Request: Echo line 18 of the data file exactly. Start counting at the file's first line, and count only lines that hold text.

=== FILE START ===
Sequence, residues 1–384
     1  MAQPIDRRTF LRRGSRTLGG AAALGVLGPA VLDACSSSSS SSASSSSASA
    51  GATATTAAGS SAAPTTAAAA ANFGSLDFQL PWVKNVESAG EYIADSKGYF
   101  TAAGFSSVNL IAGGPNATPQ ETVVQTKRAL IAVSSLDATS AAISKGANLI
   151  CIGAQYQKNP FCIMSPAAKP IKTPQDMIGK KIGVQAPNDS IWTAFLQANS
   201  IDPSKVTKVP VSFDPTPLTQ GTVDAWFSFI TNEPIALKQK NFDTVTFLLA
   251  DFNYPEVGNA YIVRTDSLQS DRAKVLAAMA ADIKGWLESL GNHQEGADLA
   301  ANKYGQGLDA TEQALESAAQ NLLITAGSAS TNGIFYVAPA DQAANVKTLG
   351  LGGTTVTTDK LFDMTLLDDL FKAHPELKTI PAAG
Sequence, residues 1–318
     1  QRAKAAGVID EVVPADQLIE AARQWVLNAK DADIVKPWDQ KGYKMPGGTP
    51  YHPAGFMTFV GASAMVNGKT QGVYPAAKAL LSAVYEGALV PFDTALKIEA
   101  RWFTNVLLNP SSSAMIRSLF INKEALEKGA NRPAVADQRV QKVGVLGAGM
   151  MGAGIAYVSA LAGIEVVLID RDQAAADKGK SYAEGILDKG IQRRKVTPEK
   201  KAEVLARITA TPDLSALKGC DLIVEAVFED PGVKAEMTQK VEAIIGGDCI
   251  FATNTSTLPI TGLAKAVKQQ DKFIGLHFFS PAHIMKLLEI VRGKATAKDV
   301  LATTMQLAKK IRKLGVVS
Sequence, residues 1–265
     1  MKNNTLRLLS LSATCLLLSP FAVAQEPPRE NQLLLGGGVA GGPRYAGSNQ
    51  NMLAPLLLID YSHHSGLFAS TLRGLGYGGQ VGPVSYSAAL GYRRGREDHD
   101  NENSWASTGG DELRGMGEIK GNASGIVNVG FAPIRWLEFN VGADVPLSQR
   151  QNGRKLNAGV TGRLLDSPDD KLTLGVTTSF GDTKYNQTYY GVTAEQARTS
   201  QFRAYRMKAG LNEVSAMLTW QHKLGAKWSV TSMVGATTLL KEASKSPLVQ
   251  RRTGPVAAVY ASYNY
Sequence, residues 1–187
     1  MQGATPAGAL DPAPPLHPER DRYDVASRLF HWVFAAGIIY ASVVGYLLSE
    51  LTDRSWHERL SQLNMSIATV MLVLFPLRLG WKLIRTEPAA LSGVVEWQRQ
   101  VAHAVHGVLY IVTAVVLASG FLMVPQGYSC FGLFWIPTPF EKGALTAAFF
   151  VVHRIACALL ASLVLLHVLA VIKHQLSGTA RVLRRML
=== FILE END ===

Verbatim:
Sequence, residues 1–265